Next, recusal is not required under § 455's objective standard. Apart from Defendant's conclusory statements and accusations, he has set forth no evidence to demonstrate extrajudicial bias. As the Government correctly points out, the crux of Defendant's claim is his desire to ascertain the full identity of the witness with the initials "R.N." (Docket No. 78 at 16). Despite Defendant's accusations that this witness is imaginary, (Docket No. 72 at 5-6), this Court has previously found that R.N. exists. (Docket No. 61 at 2-3, 15-16). The Court based its finding on the testimony presented by the Government's witnesses. See, e.g. (5/30/14 Tr. at 60:23-65:24, 75:2-19).[3] The Court points out that Defendant cross-examined the Government's witnesses about R.N. (5/30/14 Tr. at 66:8-70:21, 76:6-78:18). In light of all of the evidence presented, the Court found that the Government's witnesses were credible. (Docket No. 61 at 2); see, e.g. United States v. Richardson, 501 F.Supp.2d 724, 734 (W.D.Pa. 2007) ("the credibility of the witnesses and the weight to be given the evidence, together with the inferences, deductions and conclusions to be drawn from the evidence, are all matters to be determined by the trial judge.") (citations omitted). Despite Defendant's repeated accusations to the contrary, this Court's findings relative to R.N. are not to be disturbed.

In addition, this Court notes that disagreement with its ruling on Defendant's Motion to Suppress, (Docket No. 61), is not a basis to bring a claim for recusal. The Third Circuit has long held that a party's displeasure with rulings does not form an adequate basis for recusal. Securacomm Consulting, Inc., 224 F.3d at 278; In re TMI Litig., 193 F.3d at 728); Jones v. Pittsburgh Nat'l Corp., 899 F.2d 1350, 1356 (3d Cir. 1990). The Supreme Court of the United States has held that "judicial rulings alone almost never constitute a valid basis for a bias or partiality motion." Liteky, 510 U.S. at 555. Thus, Defendant's difference of opinion from this Court is not a basis for recusal.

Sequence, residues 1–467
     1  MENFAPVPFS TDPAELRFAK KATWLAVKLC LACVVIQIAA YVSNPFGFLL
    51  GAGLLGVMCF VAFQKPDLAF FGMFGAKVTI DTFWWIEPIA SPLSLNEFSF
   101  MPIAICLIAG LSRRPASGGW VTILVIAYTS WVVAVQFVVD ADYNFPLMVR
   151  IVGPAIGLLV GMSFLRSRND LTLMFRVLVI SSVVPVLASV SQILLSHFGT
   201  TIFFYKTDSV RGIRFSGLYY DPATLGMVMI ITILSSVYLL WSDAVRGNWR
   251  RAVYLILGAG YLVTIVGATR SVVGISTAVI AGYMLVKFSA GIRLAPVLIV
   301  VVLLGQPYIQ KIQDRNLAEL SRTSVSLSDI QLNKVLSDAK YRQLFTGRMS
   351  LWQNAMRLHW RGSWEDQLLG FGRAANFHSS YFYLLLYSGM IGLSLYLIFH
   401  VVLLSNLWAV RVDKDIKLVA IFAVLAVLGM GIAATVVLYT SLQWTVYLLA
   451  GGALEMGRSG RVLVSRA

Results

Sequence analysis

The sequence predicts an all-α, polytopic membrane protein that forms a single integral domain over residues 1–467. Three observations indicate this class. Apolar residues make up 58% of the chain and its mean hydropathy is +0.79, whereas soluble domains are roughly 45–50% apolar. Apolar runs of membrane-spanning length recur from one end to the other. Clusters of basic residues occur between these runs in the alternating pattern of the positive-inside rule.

In consideration of the above, Defendant's Motion for Recusal is denied. The Court proceeds to address Defendant's Motion to Dismiss Indictment.



The Court now makes findings based on the credible evidence presented at the August 22, 2014 hearing on Defendant's Motion to Dismiss.[4] (Docket No. 56). During the Hearing, [5] the parties presented documentary evidence and Defendant called AUSA Lenhardt as a witness. (Docket No. 56). In this Court's estimation, based on his earnest demeanor and answers to counsel's, Defendant's, and the Court's questioning, AUSA Lenhardt offered a convincing version of the events in this case and of Defendant's and his prior encounters. See United States v. Garcia, 521 F.Appx. 71, 73 (3d Cir. 2013) (quoting Anderson v. City of Bessemer, 470 U.S. 564, 574 (1985) ("[w]hen findings are based on determinations regarding the credibility of witnesses... for only the trial judge can be aware of the variations in demeanor and tone of voice that bear so heavily on the listener's understanding of and belief in what is said.'"). To the extent that Defendant's testimony and/or statements to the Court contradicted the AUSA Lenhardt's, the Court finds AUSA Lenhart's testimony to be more credible.

As background, Defendant has a substantial criminal history, during which Assistant United States Attorney Ross Lenhardt ("AUSA Lenhardt" or "Lenhardt") has prosecuted him in both state and federal court. (Docket No. 56-3); United States v. Waller , Cr. No. 08-423. Lenhardt has been an AUSA since December 2005. (8/22/14 Tr. at 38:15-17). Prior to that, he was an Assistant District Attorney ("ADA") for Allegheny County for approximately 15 or 16 years. (8/22/14 Tr. at 38:18-19).

Defendant introduced a listing of his prior cases in the Court of Common Pleas of Allegheny County. (Docket No. 56-2). The Government then offered a separate chart listing Defendant's prior cases in Allegheny County, including the prosecutors for the various phases of each case. (Docket No. 56-3). Notably, Defendant did not object to this exhibit. (8/22/14 Tr. at 41:24). Lenhardt credibly testified that, because of its size and the volume of cases before it, the Allegheny County District Attorney's Office does not adhere to a vertical prosecution model, i.e., one where one ADA handles a case from beginning to end. (8/22/14 Tr. at 28:4-31:11). Indeed, the Government's chart, (Docket No. 56-3), demonstrates that numerous ADAs were involved in Defendant's state cases at various stages of the prosecution, corroborating AUSA Lenhardt's testimony.